Comet 17P/Holmes which exhibited a Great Outburst in October 2007 was Born in a Region of the Solar Nebula Far from the Sun
November 7, 2018
A team of astronomers led by Yoshiharu Shinnaka of Koyama Astronomical Observatory of Kyoto Sangyo University, Japan, has discovered that Comet 17P/Holmes formed in a cold region of the solar nebula far from the Sun. This suggests that Comet 17P/Holmes probably includes highly volatile species abundantly (with low sublimation temperatures below ~50 K) and that sublimation of these volatiles could be responsible for the comet's explosive releases of dust grains. These new insights come from re-analysing mid-infrared spectra of the comet taken by the Cooled Mid-Infrared Camera and Spectrograph (COMICS) on the Subaru Telescope during October 25 to 28, 2007.
Comet 17P/Holmes is a short-period comet with an orbital period of ~7 years. The comet underwent a great outburst starting on October 23, 2007 (when the comet was 2.5 au from the Sun), five months after perihelion at 2.05 au on May 5, 2007. The total magnitude of this outburst reached a maximum brightness of ~2-3 mag in V-band within two days after the outburst, increasing from an initial brightness of ~17 mag. This huge outburst, with a 15 mag brightness increase, was unlike any other. Other than the outburst in 2007, Comet 17P/Holmes had exhibited outbursts in November 1892, when the comet was discovered by E. Holmes, and January 1893.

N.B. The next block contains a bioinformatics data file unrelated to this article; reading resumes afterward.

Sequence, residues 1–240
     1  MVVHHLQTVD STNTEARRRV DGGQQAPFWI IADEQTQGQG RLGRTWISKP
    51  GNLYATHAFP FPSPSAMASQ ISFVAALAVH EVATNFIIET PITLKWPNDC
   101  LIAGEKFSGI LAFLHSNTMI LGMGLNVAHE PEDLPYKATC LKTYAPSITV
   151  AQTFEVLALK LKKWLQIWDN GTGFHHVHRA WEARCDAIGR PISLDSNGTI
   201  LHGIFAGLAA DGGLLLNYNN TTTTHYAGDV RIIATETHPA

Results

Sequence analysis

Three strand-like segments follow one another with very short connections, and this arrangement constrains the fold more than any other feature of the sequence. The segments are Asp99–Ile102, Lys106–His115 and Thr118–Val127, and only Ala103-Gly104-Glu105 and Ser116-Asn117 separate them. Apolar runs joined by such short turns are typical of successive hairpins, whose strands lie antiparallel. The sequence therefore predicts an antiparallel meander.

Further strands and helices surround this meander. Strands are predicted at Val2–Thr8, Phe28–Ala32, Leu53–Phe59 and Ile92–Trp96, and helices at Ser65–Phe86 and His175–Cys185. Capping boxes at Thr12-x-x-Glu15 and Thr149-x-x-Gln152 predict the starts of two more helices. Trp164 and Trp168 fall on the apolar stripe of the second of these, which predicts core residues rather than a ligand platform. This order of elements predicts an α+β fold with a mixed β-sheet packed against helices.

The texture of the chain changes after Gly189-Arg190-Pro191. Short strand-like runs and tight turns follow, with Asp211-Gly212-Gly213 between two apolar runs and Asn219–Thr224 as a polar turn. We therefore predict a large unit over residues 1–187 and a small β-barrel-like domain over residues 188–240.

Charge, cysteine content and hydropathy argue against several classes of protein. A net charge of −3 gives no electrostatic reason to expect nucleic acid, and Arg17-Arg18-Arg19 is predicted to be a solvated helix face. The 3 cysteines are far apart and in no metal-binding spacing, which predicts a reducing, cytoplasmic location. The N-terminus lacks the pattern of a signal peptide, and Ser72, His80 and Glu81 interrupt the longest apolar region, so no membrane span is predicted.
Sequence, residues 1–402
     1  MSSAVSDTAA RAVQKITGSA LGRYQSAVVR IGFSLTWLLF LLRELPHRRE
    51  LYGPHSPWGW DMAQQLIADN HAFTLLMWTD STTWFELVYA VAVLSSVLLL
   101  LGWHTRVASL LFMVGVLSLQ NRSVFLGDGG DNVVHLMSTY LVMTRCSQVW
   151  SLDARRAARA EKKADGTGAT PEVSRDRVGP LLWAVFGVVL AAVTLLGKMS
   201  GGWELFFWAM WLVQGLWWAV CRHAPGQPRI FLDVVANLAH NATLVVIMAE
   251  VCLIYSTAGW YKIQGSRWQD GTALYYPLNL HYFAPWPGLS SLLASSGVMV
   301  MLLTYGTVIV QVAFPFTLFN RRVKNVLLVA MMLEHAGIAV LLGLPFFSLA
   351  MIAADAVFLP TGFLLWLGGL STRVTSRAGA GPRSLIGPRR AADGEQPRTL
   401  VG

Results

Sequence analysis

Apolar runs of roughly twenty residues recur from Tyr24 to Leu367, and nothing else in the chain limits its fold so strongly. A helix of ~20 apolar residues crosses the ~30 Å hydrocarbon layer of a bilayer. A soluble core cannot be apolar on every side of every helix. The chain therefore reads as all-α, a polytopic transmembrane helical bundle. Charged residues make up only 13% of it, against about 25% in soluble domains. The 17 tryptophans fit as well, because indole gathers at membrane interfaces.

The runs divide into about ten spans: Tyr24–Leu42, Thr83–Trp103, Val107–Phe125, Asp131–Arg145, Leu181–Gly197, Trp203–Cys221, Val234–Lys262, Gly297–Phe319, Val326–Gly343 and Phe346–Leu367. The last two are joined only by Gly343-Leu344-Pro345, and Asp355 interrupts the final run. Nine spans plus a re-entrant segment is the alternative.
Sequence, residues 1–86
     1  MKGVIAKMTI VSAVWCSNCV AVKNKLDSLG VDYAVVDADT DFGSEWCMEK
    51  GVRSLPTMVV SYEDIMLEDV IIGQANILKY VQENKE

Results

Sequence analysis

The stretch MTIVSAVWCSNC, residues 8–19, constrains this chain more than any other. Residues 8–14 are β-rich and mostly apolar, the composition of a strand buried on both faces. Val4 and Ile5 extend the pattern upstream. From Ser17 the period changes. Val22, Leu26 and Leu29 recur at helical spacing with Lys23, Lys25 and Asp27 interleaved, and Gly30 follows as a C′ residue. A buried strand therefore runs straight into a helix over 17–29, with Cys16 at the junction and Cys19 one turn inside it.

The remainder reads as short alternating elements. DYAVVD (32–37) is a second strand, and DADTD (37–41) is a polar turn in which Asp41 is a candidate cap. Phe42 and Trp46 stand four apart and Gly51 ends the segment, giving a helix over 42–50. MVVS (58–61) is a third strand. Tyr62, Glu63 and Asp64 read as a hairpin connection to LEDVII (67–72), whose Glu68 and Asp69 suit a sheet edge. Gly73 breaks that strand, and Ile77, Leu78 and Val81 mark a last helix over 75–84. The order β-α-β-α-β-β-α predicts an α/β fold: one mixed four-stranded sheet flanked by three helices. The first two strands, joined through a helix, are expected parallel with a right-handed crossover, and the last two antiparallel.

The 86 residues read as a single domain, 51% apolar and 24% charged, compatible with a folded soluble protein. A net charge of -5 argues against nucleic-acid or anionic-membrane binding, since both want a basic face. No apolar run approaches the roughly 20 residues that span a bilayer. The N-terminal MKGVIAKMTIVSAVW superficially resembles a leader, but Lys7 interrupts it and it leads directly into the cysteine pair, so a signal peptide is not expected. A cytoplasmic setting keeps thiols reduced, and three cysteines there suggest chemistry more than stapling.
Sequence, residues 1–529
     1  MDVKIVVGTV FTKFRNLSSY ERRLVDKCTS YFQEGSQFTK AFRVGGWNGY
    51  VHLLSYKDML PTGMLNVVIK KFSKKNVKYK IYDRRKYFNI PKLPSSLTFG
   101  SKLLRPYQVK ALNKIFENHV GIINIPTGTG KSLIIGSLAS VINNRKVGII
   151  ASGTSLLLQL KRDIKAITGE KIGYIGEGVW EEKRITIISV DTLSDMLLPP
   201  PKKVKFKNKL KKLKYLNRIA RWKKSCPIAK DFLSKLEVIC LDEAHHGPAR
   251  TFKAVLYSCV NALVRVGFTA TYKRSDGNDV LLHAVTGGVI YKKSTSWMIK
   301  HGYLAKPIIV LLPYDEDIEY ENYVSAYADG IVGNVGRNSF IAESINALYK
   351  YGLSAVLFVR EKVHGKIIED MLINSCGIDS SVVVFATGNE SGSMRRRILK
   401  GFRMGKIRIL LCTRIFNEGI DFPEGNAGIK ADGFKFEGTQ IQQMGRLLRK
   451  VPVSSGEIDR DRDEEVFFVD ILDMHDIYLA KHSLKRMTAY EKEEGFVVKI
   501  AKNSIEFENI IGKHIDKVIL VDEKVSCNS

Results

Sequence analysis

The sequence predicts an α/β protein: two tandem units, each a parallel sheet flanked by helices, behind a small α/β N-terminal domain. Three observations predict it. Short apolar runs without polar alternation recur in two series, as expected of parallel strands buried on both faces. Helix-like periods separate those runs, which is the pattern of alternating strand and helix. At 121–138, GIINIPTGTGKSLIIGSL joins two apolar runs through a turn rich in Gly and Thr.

This research focuses on the dust components released from Comet 17P/Holmes. A cometary nucleus includes minerals called silicates. Cometary silicates consist of both amorphous and crystalline forms. Silicates in amorphous form exist in interstellar space and might have been incorporated into the cometary nucleus in the solar nebula in the early Solar System. Meanwhile, it has been thought that crystalline silicates formed by the annealing of amorphous silicate grains or direct condensation of gaseous materials in hot regions of the solar nebula near the Sun and were incorporated into cometary nuclei in the cold comet-forming region (~5—30 au from the Sun) after radial transportation of the silicate grains in the solar nebula. Because the mass fraction of crystalline silicates with respect to the total (amorphous + crystalline) silicates is expected to be smaller for further distances from the Sun in the solar nebula, it is thought that a smaller mass fraction of crystalline silicates in a comet indicates that the comet formed at a further distance from the Sun in the solar nebula.
The researchers found that dust grains of Comet 17P/Holmes contain a large amount of amorphous silicates (less crystalline silicates) compared with grains of other comets. This result is evidence that Comet 17P/Holmes formed in a farther, colder region in the solar nebula than other comets. At such a region, it is expected that much CO ice (which has a low sublimation temperature of ~30 K) and amorphous water ices (which through crystallization in the low temperature conditions become an energy source for explosive sublimation) would have existed.
These results were published on October 31, 2018 in The Astronomical Journal (Shinnaka et al., 156, 242, "Mid-infrared Spectroscopic Observations of Comet 17P/Holmes Immediately After Its Great Outburst in 2007"). This research paper is also available as a preprint (Shinnaka et al., arxiv: 1808.07606) on arxiv.org. This research is supported by Grants-in-Aid from Japan Society for the Promotion of Science Fellows, 15J10864 (YS) and for Scientific Research (C), 17K05381 (TO). This paper is based on data collected at the Subaru Telescope and obtained from SMOKA, which is operated by the National Astronomical Observatory of Japan.